Saturday, February 9, 2013

Letting Go

Isaiah 43:18-19“Remember not the former things, nor consider the things of old. Behold, I am doing a new thing; now it springs forth, do you not perceive it? I will make a way in the wilderness and rivers in the desert.

In some ways it's been a horrific week, and in other ways, a glorious week.

Tuesday morning I awoke, still ill with the flu, thinking the ache in my head must be a flu-related headache. Instead of taking my chronic migraine tablet--an acetaminophen/caffeine, Walgreen-brand cocktail--I took ibuprofen.

What a costly mistake, leading to a throbbing four-hour migraine, complete with two vomiting sessions. The whole time I was only vaguely aware of what my four children were doing. Half-reclining on the living-room couch with eyes closed and a washcloth over my face, I tried to listen to what was going on, to prevent any disasters.

They played and played, having a pretty wonderful time--the little ones only vaguely aware of Mommy's misery. Even in my private darkness, I was amazed at their ability to entertain themselves amiably, with all four siblings participating in the fun equally.

In one sense I felt it was four hours of my life wasted. I did nothing but stay on that couch, getting up only to vomit.

I'm a busy mom, and this predicament meant that no essential tasks got done, except pleading, desperate prayer.

The house turned into a disaster, as is usual when the children have free time.

But I believe in messes. History has proven that my children do their best thinking, inventing and problem solving when they're allowed to make messes.

But there's always a price to pay for me, and that price is what I refer to as "riding the herd". They never want to clean up their messes--they're overwhelming messes, let me tell you--and I have to ride them like a herd of horses, cracking a whip.

When I'm ill I don't have the energy to ride herd very well. It's taxing emotionally and mentally on a good day.

I'd say riding the herd is the hardest parenting task ever.

And riding herd during bedtime-prep hour? Let me say it nicely...not my favorite part of the day.

On migraine day an elaborate Geo Trax train village took up my entire living room--their newest creation. It was awesome, complete with oodles of small toys used to dress up the village (various blocks, unifix cubes, teddy-bear counters, small cars, people figurines, etc.).

Even after they cleaned up the track and trains, the place was still a nightmare of small toys. They were whiny and uncooperative, in the sense that it took me sending them back five times to do a thorough job, after which I felt like crying and a couple of them did too.

Then later in my week, an obvious sinus infection gave rise to more pain and far less sleep. I went through five rolls of toilet tissue wiping my nose. The Kleenex were long gone, and now we have no toilet paper in the house at all, and when they all get back from the library (praise the Lord that husband works only half-day on Saturday), I have to rouse my puffy eyes and drag myself to Aldi's, hoping no one notices my atrocious facial appearance.

I'm happy to say, the sinus infection seems to be in the left half of my face only now.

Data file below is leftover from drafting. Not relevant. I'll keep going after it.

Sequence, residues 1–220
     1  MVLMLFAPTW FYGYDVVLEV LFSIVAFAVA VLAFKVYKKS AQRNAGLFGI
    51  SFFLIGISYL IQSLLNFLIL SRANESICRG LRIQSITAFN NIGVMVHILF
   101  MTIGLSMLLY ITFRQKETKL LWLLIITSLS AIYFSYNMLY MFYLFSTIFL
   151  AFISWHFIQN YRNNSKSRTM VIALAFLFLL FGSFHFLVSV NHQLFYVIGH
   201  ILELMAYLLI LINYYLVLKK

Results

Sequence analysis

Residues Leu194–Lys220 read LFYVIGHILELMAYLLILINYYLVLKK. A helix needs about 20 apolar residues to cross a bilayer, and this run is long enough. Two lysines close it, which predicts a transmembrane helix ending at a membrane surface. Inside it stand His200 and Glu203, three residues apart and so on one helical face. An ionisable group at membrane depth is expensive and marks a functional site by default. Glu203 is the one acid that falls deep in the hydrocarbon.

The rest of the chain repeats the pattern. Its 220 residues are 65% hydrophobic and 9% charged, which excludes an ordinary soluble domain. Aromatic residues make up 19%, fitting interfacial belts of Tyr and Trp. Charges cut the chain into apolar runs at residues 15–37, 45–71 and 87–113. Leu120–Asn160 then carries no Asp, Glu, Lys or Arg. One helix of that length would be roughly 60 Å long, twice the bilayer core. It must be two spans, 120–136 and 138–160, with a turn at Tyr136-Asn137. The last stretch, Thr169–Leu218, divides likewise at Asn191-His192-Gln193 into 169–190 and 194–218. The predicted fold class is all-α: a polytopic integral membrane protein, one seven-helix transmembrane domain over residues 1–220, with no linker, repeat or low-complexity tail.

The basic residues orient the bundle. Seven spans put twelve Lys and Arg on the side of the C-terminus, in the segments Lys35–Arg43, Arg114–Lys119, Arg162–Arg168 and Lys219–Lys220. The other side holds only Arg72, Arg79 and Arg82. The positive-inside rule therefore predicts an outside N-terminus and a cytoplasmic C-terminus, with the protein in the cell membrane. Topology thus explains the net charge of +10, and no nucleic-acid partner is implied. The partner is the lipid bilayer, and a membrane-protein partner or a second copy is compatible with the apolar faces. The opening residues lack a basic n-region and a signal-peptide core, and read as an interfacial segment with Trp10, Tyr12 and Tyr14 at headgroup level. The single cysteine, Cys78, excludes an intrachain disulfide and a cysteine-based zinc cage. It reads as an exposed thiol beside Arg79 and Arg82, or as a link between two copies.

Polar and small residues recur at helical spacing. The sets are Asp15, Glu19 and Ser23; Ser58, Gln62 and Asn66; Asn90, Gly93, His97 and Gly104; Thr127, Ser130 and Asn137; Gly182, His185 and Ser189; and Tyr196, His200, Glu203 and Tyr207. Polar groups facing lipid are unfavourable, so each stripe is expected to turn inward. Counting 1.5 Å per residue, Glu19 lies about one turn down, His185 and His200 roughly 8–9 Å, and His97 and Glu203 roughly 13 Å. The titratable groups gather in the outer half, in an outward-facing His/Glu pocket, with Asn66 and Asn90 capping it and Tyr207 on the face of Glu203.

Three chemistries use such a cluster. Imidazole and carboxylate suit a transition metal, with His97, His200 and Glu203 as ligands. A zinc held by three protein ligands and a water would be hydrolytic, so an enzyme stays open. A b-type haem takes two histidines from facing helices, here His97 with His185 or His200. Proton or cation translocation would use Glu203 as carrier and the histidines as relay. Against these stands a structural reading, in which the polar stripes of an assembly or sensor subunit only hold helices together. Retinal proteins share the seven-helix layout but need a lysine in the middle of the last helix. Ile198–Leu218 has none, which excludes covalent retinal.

We've long ago run out of groceries and it's been driving me nuts for days, thinking of what to feed everyone. Husband gets milk or bread on the way home from work, but a major grocery run is about the worst task imaginable to him, other than fixing the girls' hair or picking out their clothes.

Letting go and letting God sometimes means being sick and miserable, and not resenting it.

It means stopping to notice how wonderful your children are--how bright their intellects, how ingenious their cooperation skills--because you have no choice but to sit and notice.

It means turning on the Christian radio to try and cheer yourself up, and then noticing that when the News Boys song Shine comes on, your 4-year-old girl becomes ecstatic, dances around and recites a good part of the lyrics accurately, wanting your sorry, sick body to dance along with her.

And you do, because you realize this is God's grace. This impromptu dance with your littlest girl, shouting about shining for Jesus.

 Letting go and letting God also means stopping to devour a great book, because with sinus pain that no pain-reliever touches, all you can do is go out to the living room in the middle of the night and read, hoping the story is good enough to take your mind off the pain.

And they were.

I'm now three books ahead of my boys in our Sonlight curriculum, and wondering what's next.

This particular book --Gone-Away Lake--is so good, I never wanted it to end. When it did I was incredibly sad, except that I noticed she wrote a sequel. Whohoo!
All of a Kind Family

Letting go and letting God means dropping your expectations, as you cancel this and that commitment due to illness. It means letting go of your agenda, so you can hear God's.

It means having time to more fully drink in, and notice, his many graces. Our God is all about grace. Not performance, not perfection, not expectations. He's the author and bestower of Grace.

And when you have no other choice, you really get to share in that grace in a more beautiful, poignant way.

So, some ways, it was a terrible week.

But in was awesome.

Thank you, God, for illnesses.


Jess said...

we enjoyed gone away lake and all in a kind of family too. :) some of those stories are treasures. (we read the sequel as well...because we were like you, wanting more)

anyhow, enough about books. praying for your health and for some rest. my girl has a note ready to send to your oldest. those stickers he passed along made her day. :) lots of love & prayers

Margie said...

Oh my friend, I have days and weeks like these as well. I feel your pain literally. Take care and get some rest.

Christine said...

Thank you, Margie and Jess. Good to see both your names here. Thank you for the sympathy. :)